Tag Archives: Rotary Hiking Fellowship

Sauk Prairie State Rec Area–A Wisconsin Treasure!

submitted by Andrea Kaminski; photos by Karl Gutknecht, Norm Lenburg & Danika Riehemann

A group of 20 Rotarians and guests spent a balmy Saturday morning learning about a true victory for our Wisconsin environment. We visited the Sauk Prairie State Recreation Area, which was created through the commitment of local residents, state and federal governments and the Ho Chunk Nation.

Rotary Sauk Prairie-2947  Rotary Sauk Prairie-2965  Rotary Sauk Prairie-2959

We gathered at the Museum of Badger Army Ammunition, off US Hwy 12 between Sauk City & Baraboo.  Verlyn Mueller, museum curator and archivist, told us about the history of the Badger Ammunition Plant based on his considerable research and more than 20 years as an employee. Over a period of several months in 1941, 74 local families were forced to move off their farmsteads to make way for the plant, which remained active through the Vietnam War. The plant was built on land the U.S. government had acquired through the 1837 treaty with the Ho Chunk Nation.

In 1997 the Army announced that the 7,354-acre plant would be decommissioned, and the future of the land was uncertain. Our second tour guide, Curt Meine from the Sauk Prairie Conservation Alliance, noted that the land could have been converted to anything, for example a factory or a race track. Instead, it was converted to the conservations area divided among several landowners.

In 2014 a portion of the Badger Lands were returned to the Ho Chunk Nation, which has already begun to convert much of the parcel to native prairie. That is no small feat. There were 1,400 buildings across the Badger Lands that needed to be removed. Most had lead paint and asbestos siding, requiring special handling and safe disposal.

Sauk Prairie Hike 6 23 2018 DOther parts of the property belong to the Wisconsin Department of Natural Resources and the USDA Dairy Forage Research Center. Meine took us to sites on the DNR land, where there is public access. Volunteers have put in trails, and they are working on prairie restoration. One section is a beautiful hillside of lightly forested grassland. Meine said it took 15-20 volunteers, mostly working with hand tools, about three hours to beat back the thicket of invasive shrubs to expose this native Wisconsin oak savanna.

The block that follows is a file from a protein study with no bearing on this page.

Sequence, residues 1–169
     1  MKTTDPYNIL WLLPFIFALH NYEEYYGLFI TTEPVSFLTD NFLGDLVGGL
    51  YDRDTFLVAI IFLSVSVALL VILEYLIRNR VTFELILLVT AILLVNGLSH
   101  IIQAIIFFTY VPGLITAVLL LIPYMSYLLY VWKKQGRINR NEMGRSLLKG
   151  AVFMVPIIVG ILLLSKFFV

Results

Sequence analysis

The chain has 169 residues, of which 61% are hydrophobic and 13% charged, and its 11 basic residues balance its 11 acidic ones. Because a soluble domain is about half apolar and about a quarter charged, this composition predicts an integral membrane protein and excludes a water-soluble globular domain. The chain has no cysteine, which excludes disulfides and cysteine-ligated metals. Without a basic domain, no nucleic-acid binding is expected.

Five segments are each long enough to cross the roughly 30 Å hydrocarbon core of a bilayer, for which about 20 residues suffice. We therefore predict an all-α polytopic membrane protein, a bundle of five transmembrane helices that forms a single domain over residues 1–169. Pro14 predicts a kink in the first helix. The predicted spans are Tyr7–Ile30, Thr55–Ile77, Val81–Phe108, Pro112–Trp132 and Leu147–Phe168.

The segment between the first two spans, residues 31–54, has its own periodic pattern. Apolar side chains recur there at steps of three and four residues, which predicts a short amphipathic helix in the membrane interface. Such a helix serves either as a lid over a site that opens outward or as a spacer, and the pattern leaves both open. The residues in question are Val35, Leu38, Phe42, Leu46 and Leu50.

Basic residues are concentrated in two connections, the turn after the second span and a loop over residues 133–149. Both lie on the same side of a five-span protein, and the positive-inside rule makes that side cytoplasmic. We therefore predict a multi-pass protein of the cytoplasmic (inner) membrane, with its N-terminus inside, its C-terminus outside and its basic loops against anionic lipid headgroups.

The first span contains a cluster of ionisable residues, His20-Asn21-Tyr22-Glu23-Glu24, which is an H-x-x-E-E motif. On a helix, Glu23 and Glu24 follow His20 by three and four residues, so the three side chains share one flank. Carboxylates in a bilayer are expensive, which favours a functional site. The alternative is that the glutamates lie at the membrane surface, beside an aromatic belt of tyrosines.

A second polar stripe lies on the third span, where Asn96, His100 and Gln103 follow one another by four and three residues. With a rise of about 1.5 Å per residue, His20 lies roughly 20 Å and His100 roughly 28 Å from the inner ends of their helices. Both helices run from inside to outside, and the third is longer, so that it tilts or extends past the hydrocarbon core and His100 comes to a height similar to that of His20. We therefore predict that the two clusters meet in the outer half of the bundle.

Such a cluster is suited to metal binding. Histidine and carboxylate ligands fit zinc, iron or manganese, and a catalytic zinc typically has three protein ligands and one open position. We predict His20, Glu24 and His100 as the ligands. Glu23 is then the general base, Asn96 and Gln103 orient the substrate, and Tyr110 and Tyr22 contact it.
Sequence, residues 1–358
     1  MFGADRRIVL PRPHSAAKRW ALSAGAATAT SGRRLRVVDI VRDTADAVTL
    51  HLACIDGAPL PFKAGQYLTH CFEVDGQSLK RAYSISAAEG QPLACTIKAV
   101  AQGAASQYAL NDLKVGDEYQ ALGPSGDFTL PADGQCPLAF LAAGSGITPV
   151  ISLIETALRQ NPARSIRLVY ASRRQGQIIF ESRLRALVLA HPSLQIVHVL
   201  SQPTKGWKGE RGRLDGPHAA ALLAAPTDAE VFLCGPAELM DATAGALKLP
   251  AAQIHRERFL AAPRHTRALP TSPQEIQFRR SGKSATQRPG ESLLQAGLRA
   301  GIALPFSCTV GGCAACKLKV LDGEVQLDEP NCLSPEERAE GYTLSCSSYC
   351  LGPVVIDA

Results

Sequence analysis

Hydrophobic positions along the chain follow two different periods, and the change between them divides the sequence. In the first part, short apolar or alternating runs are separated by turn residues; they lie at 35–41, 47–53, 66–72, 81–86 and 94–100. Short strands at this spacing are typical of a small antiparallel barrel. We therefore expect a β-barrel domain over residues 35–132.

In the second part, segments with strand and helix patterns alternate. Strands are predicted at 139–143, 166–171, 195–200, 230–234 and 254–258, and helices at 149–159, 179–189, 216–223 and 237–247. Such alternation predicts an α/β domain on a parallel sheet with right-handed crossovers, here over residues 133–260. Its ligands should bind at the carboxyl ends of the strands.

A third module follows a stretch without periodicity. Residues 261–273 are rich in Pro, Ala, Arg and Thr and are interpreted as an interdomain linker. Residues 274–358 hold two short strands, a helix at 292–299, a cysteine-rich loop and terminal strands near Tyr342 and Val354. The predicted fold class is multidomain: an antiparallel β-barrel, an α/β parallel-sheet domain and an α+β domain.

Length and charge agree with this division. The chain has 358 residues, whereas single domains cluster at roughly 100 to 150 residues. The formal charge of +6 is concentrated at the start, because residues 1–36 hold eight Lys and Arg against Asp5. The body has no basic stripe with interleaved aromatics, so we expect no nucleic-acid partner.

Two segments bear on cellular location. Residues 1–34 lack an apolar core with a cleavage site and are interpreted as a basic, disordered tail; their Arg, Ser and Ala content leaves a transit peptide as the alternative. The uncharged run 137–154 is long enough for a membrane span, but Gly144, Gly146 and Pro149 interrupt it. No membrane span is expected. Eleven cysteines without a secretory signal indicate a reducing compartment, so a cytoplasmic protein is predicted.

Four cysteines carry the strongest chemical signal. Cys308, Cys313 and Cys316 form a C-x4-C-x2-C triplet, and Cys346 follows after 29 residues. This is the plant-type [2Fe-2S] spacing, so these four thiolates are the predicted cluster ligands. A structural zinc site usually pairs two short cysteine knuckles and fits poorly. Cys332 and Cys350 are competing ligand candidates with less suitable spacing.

Sauk Prairie Hike 6 23 2018 A

The transformation of the Badger Lands from a decommissioned ammunition plant to a state recreation area that will be restored to native flora and fauna was not a simple task. It involved community action by disparate groups who came to consensus on certain shared goals and values. Tammy Baldwin, first as a U.S. House Representative and then as a U.S. Senator, supported the project by connecting the group with federal grants. The project required years of negotiation and compromise, not to mention untold hours of volunteer planning and labor. The nonprofit Sauk Prairie Conservation Alliance continues to raise funds to carry the work forward.

Sauk Prairie Hike 6 23 2018 B

Following the tour, Meine joined us for a delicious lunch at Vintage Brewing Company in Sauk City. We are grateful to Rotarian Karl Gutknecht for arranging this educational and enjoyable outing.

For more photos, visit our club’s Facebook page.

Rotary Hikers Doing Some Bird Watching in the Arboretum

Submitted by Bobbie Sladky; Photo by Andrea Kaminski

20170424_191133A group of nine Rotarians and guests met at the UW Arboretum Visitor Center for a hike on April 24 for an evening bird sighting. The goal was to observe the courting behavior of the male woodcock. Guide Levi Wood provided information about the rich conservation history of the UW Arboretum and a tour of the Longenecker Gardens which showcases a collection of trees and shrubs. The Magnolia collection was in full bloom and the early lilacs were opening.

20170424_190510We were pleased to see the Oak planted by Paul Harris and saw turkeys and a red-tail hawk nearby. The hike included a walk through Gallistel and a brief stop at Teal Pond. Curtis Prairie provided the zen-like experience of hearing the courting sounds of the male woodcock who becomes active at dusk. Although the bird was never seen, its presence was clear by the loud, nasal peent calls made on the ground, the twittering sounds made by the wings as the woodcock rises up 100’ or more in an aerial display, the call made at the ‘top’ of the flight, and steep dive back down to the prairie. The Audubon website refers to this behavior as a ‘sky dance’. Female woodcocks are attracted by the ‘lek’ of males performing their rituals and have an opportunity to select the fittest mate.